If you haven’t read the insightful post by Tom Clempson that went viral shortly after the news, I encourage you to do so. It’s powerful and important, and this brief excerpt from it demonstrates why those reactions were so far off.
When people die from cancer, their cause of death can be various horrible things – seizure, stroke, pneumonia – and when someone dies after battling cancer, and people ask “How did they die?” You never hear anyone say “pulmonary embolism”, the answer is always “cancer.” A Pulmonary Embolism can be the final cause of death with some cancers, but when a friend of mine died from cancer, he died from cancer. That was it. And when I asked my wife what Robin Williams died from, she, very wisely, replied “Depression.”
Just as a Pulmonary Embolism is a fatal symptom of cancer, suicide is a fatal symptom of Depression. Depression is an illness, not a choice of lifestyle. You can’t just “cheer up” with depression, just as you can’t choose not to have cancer. When someone commits suicide as a result of Depression, they die from Depression – an illness that kills millions each year.
Robin Williams didn’t die from suicide. He died from Depression. It wasn’t his choice to suffer that.
Depression doesn’t need a root in reality. It’s not about a lack of love or support, or any concrete and changeable factor in someone’s day to day life. We don’t know enough to understand how to make it better, but here are a few things we can do:
Pressure our government to invest in mental health research. Seek to understand what depression is, and how our friends and family might be suffering. Do not place the responsibility with the victim. Offer your support as a lifeline for those who might be suffering – there might not be anything you can say to help, but you can be present and available. Share, openly and often, your local Suicide Prevention number (Here in the US you can call 1-800-273-8255 for support).
This is important.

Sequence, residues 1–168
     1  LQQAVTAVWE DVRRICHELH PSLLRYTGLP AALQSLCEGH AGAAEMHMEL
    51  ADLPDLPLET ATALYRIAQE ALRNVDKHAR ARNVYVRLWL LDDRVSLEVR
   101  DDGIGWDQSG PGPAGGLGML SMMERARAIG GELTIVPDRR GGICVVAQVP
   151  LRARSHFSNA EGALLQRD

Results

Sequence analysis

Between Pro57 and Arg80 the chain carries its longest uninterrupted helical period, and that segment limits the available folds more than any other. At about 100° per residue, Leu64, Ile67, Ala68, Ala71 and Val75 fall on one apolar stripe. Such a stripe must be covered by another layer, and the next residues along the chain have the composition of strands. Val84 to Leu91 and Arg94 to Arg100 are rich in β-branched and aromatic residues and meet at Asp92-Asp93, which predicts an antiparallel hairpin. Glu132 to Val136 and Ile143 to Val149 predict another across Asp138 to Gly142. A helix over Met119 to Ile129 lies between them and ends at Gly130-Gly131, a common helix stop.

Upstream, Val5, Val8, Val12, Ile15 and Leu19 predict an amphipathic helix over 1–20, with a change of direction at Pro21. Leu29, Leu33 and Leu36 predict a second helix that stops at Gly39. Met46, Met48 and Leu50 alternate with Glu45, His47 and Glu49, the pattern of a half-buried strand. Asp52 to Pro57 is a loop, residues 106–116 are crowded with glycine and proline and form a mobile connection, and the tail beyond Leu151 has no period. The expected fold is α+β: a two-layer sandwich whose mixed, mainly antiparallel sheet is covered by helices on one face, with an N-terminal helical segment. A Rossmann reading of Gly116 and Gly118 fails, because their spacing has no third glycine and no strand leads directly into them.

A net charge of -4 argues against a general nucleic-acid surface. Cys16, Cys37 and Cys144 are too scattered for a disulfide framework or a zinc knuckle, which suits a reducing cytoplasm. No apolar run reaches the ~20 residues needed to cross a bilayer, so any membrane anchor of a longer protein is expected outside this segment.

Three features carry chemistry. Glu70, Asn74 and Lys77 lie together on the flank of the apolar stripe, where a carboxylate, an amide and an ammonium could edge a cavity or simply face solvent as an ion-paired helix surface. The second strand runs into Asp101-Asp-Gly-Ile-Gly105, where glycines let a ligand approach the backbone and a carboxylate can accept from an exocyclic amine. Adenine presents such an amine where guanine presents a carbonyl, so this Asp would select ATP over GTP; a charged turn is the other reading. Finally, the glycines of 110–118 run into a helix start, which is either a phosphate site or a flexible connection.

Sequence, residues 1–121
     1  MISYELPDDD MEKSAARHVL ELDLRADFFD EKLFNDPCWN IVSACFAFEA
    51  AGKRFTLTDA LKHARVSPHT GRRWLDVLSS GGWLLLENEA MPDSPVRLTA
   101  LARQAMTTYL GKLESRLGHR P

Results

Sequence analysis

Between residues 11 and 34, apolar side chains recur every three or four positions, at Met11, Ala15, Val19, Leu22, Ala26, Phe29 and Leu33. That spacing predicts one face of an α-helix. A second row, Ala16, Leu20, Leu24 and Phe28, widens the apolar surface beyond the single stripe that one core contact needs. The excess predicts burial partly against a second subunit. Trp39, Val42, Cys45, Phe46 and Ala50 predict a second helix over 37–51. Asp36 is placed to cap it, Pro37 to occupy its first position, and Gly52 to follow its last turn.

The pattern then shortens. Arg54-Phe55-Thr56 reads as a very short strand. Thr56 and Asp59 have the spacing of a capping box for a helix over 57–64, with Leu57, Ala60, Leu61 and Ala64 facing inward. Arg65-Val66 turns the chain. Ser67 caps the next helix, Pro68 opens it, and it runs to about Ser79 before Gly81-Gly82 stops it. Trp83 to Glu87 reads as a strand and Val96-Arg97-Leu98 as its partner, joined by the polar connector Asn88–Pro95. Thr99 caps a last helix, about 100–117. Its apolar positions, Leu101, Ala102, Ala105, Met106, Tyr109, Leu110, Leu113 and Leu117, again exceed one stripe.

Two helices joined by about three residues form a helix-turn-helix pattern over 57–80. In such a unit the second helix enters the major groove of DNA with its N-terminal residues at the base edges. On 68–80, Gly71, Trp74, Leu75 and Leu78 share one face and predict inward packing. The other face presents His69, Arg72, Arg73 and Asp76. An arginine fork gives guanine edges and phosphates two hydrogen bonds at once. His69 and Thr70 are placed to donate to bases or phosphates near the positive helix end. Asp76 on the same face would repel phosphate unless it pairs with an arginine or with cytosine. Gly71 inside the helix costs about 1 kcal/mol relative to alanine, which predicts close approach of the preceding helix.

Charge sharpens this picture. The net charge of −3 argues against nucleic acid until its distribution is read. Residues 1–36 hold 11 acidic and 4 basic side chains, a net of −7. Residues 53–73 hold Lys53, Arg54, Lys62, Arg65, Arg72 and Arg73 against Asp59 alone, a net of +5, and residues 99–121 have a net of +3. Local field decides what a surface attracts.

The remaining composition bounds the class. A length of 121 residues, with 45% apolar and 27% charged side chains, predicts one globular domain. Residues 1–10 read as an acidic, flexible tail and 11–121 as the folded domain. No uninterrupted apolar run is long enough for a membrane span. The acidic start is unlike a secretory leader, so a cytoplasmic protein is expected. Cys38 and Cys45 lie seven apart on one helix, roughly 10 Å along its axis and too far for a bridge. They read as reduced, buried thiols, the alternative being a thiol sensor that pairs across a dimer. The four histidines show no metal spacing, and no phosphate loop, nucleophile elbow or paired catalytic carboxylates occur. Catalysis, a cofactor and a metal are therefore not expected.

This is difficult to write. Anyone who knows us personally knows that we’re very strongly and very personally passionate about feminism and abolishing rape culture. And for anyone who might not understand what that means, this story should make it clear. In 2012 a young girl from Steubenville, OH (about 1 hour and 45 minutes from our home) was undressed and sexually assaulted by her peers, who took pictures and shared them across social media.
One of those peers was welcomed back with open arms to the Steubenville football team this week.
We shouldn’t have to point out that students are declared ineligible for athletic teams when they fall below a C average or miss too many practices, but are apparently considered eligible after brutally violating the body and spirit of another human.
We shouldn’t have to point out that the physical and emotional trauma will be a life sentence for the victim. A life that might have otherwise never known violence will now forever be shadowed by it. But the perpetrator of that violence is now free to be celebrated again.
We shouldn’t have to point out that some things are more important than sports. One of those things NEEDS to be teaching young people the value of human decency, and the serious repercussions of lacking it.
We don’t presume to define feminism for anyone else, but this is what it means to us – things like this should never happen. Ever.
We know this post was long and sad and infuriating. But sometimes life is that way, and what good is this blog if we can’t talk about what really matters? I hope you’ll share your thoughts with us in the comments below, whether you agree or disagree, or know of another tragic or happy bit of news that should have our attention. We’re all still learning.